Source : AfrobeatRadio
Judges at the International Criminal Tribunal for Rwanda in Arusha Tanzania have removed Peter Erlinder, law professor at William Mitchell College of Law in Minnesota, and defense counsel for a major Rwandan genocide suspect, Maj. Aloys Ntabakuze. Mr. Erlinder was removed because he refused to continue the case. Mr. Erlinder said he did not appear because he feared his life would be in danger from the Rwandan government. Tribunal spokesman, Roland Amoussouga, called Mr. Erlinder’s claims an “excuse” and his conduct “unprofessional.” “He is no longer a counselor in the tribunal here,” and that “He has no standing.”
AfrobeatRadio’s Wuyi Jacobs spoke to Peter Erlinder:
AR/Wuyi Jacobs: How would you responds to the ICTR sanctions on you for not returning to Arusha, Tanzania?
Peter Erlinder: Well, I believe that returning to Arusha puts my life in danger or my liberty at danger and I asked for security, and assurances from the Rwanda government that my safety will be protected through the United Nations, and, they weren’t able to provide me with that. But even if I had been provided with that, I continue to suffer psychological reactions to my detention in Rwanda, and I am not sure I could’ve functioned well as lawyer for my client.
I requested that the tribunal allow me to appear for the four hours, this is only four hours after eight years of this trial, keep in mind, to allow me make my final argument by video. The tribunal has allowed many witnesses to appear by video. It’s a very common thing. Or to allow me to make the arguement in the Hague, which is where the Appeals chamber is based. They denied that, insisted that I appear in person, which is, I think putting my life at risk.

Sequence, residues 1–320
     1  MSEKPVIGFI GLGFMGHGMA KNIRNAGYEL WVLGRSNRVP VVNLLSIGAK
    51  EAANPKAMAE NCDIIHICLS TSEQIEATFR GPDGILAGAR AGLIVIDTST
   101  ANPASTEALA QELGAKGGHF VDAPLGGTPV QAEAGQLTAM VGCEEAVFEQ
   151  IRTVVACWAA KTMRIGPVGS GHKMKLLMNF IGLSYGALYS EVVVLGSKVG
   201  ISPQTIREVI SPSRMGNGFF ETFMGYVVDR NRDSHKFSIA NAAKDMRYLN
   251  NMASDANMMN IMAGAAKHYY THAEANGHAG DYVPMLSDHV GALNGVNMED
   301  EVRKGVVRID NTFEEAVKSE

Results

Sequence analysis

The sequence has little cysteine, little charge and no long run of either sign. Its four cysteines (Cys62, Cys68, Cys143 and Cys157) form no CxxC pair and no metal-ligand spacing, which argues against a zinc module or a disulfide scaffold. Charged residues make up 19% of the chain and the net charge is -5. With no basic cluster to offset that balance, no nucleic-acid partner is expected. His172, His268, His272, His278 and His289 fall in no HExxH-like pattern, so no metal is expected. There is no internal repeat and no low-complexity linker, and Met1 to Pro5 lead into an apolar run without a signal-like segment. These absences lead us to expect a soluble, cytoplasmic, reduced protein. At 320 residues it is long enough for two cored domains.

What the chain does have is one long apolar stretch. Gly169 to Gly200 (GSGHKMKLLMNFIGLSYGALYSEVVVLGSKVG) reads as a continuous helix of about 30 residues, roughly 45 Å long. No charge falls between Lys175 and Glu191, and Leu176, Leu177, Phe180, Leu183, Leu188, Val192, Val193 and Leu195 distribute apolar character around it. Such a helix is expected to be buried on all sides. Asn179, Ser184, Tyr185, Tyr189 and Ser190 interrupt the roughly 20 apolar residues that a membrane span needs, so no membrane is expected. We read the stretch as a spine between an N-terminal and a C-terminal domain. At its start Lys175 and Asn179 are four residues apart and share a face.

They also denied postponing the hearing until June, which is when my co-counsel, who doesn’t face the same threats that I do, could have been able to make the arguement. He had been ill, and had actually been in an accident. Or to allow me to replace him with another lawyer who would also not be under threat. So it’s not just a question of my not appearing there, it’s the court not being willing to accept any of the other alternatives that will not require me to place my life at risk.
I also have to add, that my client waived my appearance at the hearing and was willing to go forward himself because he’s been found not guilty of fully ninety-five percent of the charges against him, and there are four rather small incidents remaining in the case. We’ve had them fully briefed. He shouldn’t have been convicted of them because they’re incidents that were not charged in the indictment. And he waived my presence at the hearing and was prepared to go forward himself, but the chamber will not permit him to do so.
AR: What is the impact of this sanction on the case?
Peter Erlinder: The impact on the case is likely not to be very much at all. It’s, as I mention, a four hour oral argument and for relatively minor issues after eight years of trial.